Great infographic today thanks to the US Coast Guard – a comprehensive review of the world’s major icebreakers. My next task, sail on all of them! From the United States Naval Institute: “The Coast Guard Office of Waterways and Ocean Policy (CG-WWM) began producing the chart of major icebreakers of the world in July 2010. Since then, we have gathered icebreaker information and recommendations from a variety of sources and experts, including icebreaker subject-matter experts, internet posts, news updates, Arctic experts and Coast Guard offices with icebreaker equities. We validate our information within the public forum and update the chart at least semi-annually based on new information and feedback. This chart represents the Coast Guard’s current factual understanding of the major icebreaker fleet. This chart is not intended for icebreaker fleet comparisons and no inference should be drawn regarding a country’s icebreaker “ranking” against another.” U.S. Coast Guard's 2013 Review of Major Icebreakers of the World | USNI News.
Last night I took a class through Denver’s new learning startup Dabble on MIG Welding. The class was taught by structural engineer Nick Geurts of Martino & Luth, Inc.. During the class, hosted in Nick’s backyard garage and workshop, we covered the very basics of welding techniques, and then some of the specifics of entry level MIG Welding on mild steel. After welding a few pieces of steel together, I felt pretty confident in making a basically usable weld – although certainly not perfect or professional. Mig Welding, from Wikipedia: Gas metal arc welding (GMAW), sometimes referred to by its subtypes metal inert gas (MIG) welding or metal active gas (MAG) welding, is a welding process in which an electric arc forms between a consumable wire electrode and the workpiece metal(s), which heats the workpiece metal(s), causing them to melt, and join. Along with the wire electrode, a shielding gas feeds through the welding gun, which shields the process from contaminants in the air. The process can be semi-automatic or automatic. A constant voltage, direct current power source is most commonly used with GMAW, but constant current systems, as well as alternating current, can be used. There are four primary methods of metal transfer in GMAW, called globular, short-circuiting, spray, and pulsed-spray, each of which has distinct properties and corresponding advantages and limitations. Find out more about Nick’s class at Dabble.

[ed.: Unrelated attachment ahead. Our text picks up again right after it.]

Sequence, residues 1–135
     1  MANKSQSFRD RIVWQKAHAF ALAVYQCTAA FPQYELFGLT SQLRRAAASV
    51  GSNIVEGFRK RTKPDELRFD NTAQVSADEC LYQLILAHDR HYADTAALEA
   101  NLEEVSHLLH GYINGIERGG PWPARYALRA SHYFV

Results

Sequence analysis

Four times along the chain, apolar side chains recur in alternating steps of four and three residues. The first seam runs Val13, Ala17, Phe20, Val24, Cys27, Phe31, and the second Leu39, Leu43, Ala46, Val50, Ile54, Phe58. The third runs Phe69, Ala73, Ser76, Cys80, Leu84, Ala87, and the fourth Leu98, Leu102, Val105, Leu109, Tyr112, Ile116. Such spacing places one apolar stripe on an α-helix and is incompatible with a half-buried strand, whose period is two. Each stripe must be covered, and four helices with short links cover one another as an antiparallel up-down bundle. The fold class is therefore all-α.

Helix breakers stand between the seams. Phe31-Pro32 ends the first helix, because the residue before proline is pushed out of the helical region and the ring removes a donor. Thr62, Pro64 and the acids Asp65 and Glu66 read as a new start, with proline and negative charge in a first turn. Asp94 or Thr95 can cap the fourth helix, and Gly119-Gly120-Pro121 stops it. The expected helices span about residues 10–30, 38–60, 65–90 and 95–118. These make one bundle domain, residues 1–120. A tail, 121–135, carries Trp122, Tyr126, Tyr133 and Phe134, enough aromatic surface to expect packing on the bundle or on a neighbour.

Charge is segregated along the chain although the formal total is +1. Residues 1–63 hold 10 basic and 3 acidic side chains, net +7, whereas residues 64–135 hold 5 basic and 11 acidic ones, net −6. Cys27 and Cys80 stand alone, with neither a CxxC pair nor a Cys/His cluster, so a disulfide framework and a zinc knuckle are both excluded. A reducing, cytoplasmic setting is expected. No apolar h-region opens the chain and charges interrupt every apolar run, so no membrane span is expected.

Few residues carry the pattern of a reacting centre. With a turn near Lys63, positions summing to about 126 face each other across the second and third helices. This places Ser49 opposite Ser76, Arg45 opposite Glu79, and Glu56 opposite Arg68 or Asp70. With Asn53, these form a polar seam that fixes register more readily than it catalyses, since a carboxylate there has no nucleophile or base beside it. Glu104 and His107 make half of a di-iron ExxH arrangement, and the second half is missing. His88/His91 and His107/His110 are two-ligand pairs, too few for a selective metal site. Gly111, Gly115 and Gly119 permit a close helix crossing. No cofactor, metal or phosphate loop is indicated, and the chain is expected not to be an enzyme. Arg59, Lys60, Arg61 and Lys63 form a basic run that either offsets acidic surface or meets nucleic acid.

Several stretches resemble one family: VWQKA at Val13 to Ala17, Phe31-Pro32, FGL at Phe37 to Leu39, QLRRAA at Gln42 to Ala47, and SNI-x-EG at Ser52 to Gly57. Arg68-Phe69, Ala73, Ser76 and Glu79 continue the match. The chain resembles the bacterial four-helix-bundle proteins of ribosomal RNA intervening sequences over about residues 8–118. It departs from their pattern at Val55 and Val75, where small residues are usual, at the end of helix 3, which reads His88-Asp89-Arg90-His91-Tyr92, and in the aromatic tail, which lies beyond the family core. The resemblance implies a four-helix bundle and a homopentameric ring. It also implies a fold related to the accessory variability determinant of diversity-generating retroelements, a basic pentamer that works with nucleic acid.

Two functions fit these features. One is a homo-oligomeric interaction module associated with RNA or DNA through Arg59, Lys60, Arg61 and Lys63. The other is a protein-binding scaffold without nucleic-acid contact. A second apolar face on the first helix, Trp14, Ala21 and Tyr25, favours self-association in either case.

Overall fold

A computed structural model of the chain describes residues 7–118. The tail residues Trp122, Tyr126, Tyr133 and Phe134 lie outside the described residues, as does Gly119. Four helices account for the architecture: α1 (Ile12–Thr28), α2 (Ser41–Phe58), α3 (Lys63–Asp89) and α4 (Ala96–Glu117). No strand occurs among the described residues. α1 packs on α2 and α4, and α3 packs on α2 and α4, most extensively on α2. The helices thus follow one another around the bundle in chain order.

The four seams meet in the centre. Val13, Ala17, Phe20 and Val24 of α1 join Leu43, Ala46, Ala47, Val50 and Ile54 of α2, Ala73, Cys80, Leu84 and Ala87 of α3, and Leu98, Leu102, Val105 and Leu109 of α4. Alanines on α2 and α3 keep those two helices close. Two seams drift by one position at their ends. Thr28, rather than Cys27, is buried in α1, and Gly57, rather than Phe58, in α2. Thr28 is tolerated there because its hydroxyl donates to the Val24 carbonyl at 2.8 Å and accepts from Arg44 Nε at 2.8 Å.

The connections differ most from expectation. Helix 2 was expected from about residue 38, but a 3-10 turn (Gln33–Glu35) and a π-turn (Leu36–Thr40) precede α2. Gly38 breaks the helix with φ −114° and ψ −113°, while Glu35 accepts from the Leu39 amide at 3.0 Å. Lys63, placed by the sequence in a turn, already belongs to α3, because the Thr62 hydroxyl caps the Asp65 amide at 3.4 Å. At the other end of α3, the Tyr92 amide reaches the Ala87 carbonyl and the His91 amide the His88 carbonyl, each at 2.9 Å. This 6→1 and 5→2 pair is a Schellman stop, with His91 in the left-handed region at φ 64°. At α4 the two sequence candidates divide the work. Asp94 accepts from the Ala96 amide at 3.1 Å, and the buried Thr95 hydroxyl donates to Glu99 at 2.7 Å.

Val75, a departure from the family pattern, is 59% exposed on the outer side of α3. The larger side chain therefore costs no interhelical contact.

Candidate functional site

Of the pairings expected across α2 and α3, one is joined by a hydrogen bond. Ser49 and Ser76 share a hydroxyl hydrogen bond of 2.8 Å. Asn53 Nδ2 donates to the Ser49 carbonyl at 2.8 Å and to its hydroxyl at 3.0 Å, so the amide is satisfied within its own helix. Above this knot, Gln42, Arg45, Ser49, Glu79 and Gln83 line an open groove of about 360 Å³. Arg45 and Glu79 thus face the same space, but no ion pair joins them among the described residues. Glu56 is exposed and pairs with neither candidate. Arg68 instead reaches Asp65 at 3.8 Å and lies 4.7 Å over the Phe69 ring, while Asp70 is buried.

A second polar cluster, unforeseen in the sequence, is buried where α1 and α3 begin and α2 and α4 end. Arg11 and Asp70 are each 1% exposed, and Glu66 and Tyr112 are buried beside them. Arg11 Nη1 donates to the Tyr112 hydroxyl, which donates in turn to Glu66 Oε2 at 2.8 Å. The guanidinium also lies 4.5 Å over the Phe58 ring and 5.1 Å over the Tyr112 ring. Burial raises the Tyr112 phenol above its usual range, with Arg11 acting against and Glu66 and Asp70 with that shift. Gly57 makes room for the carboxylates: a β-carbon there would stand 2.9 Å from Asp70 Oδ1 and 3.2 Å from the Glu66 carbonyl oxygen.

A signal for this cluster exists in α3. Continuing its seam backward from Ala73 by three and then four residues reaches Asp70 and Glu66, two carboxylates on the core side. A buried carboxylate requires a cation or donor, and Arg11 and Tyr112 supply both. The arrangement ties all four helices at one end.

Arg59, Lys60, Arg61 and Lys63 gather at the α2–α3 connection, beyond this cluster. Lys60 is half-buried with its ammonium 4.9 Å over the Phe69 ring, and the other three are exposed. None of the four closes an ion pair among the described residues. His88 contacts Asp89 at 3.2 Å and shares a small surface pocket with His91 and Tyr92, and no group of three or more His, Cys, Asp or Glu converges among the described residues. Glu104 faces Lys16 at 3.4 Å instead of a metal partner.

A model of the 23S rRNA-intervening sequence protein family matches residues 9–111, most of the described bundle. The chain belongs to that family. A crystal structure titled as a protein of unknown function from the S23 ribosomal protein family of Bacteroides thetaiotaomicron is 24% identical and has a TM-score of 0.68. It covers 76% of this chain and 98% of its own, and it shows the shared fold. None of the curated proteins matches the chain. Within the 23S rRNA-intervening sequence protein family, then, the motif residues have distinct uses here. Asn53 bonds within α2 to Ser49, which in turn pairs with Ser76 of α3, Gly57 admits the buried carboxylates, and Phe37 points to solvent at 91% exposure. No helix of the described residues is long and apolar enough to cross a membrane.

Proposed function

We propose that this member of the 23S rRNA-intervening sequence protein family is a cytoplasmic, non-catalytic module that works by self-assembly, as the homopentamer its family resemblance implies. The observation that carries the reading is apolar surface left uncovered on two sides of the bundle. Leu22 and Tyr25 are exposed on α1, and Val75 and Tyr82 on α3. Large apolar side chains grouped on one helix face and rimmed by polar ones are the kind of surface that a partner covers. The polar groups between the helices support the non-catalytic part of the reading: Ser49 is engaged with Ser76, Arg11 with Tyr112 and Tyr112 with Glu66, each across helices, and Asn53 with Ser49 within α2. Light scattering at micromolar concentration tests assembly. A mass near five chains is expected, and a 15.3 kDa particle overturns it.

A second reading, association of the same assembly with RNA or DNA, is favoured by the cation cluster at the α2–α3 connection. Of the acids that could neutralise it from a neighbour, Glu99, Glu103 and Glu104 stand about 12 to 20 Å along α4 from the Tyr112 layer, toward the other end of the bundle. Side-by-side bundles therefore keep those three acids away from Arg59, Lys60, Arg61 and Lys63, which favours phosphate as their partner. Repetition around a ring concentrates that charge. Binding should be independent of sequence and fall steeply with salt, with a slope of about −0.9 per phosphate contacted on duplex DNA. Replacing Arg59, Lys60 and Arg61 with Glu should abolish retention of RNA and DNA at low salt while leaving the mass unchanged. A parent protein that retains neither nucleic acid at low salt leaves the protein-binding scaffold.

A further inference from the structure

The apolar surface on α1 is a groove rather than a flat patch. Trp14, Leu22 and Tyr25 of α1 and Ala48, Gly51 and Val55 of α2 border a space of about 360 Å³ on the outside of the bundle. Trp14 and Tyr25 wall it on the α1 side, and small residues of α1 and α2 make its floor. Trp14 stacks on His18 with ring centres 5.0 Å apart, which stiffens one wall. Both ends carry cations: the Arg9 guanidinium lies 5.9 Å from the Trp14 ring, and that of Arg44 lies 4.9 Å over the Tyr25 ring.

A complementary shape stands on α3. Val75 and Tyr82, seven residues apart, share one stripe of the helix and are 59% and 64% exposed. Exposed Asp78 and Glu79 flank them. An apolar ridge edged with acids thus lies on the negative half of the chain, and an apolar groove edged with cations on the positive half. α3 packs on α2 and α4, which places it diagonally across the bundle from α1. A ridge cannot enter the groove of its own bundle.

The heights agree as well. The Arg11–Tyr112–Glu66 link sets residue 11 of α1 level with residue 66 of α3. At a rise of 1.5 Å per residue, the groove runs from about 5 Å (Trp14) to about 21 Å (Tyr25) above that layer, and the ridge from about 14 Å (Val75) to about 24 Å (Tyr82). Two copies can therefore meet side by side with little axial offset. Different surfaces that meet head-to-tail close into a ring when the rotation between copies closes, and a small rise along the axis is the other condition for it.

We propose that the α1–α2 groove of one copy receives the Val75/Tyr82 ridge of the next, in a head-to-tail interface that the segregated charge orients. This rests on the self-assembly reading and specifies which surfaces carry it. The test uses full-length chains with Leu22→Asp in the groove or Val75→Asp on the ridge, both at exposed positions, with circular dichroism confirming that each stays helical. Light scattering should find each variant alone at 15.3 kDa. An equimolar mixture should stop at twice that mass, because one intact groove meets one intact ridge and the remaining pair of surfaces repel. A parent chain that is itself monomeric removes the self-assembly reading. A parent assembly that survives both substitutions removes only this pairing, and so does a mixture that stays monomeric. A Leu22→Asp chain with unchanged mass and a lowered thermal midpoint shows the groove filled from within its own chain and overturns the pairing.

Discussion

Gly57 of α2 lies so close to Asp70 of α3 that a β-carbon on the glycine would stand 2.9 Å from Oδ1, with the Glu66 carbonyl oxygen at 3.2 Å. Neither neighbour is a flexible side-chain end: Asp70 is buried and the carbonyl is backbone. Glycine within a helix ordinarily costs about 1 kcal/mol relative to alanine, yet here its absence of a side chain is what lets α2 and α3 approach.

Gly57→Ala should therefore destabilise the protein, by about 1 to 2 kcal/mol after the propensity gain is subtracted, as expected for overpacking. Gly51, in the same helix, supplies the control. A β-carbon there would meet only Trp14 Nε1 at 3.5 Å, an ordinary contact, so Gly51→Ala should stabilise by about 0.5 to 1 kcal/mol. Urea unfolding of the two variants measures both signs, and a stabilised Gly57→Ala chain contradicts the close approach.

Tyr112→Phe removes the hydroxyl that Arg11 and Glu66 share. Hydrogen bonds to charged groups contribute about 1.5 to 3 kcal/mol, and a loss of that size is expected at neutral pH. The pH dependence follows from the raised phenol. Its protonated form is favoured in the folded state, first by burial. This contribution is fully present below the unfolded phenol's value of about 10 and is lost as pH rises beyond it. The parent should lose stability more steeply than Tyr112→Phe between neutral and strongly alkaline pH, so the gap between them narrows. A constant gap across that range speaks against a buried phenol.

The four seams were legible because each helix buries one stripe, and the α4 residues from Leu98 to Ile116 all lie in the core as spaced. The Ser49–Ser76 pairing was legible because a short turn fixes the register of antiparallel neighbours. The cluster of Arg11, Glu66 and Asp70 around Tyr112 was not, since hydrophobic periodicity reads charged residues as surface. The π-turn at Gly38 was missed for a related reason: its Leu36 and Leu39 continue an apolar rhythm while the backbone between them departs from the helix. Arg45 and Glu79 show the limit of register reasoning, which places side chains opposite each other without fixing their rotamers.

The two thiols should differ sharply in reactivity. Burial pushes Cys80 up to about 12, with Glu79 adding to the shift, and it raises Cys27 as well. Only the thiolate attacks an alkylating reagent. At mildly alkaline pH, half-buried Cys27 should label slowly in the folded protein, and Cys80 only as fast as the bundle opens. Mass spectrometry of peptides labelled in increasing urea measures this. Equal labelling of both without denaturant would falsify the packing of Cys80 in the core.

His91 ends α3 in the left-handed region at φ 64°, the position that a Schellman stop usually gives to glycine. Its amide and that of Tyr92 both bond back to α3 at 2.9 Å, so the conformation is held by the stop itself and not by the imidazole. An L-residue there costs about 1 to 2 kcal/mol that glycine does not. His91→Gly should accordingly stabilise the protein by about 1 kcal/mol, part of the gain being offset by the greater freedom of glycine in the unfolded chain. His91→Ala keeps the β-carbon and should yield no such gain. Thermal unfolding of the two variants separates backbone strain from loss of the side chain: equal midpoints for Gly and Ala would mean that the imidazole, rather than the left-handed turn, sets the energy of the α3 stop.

NASA recently revealed that a spot in Antarctica just hit a record -135.3 degrees F below zero – that’s cold! In my time at the south pole, the coldest I experienced was -60F – not even close to the record. Fron NBC News: Ice scientist Ted Scambos at the National Snow and Ice Data Center said the new record is “50 degrees colder than anything that has ever been seen in Alaska or Siberia or certainly North Dakota.” “It’s more like you’d see on Mars on a nice summer day in the poles,” Scambos said, from the American Geophysical Union scientific meeting in San Francisco Monday, where he announced the data. “I’m confident that these pockets are the coldest places on Earth.” Here’s a quick explainer video. Me in the South Pole Ice Tunnels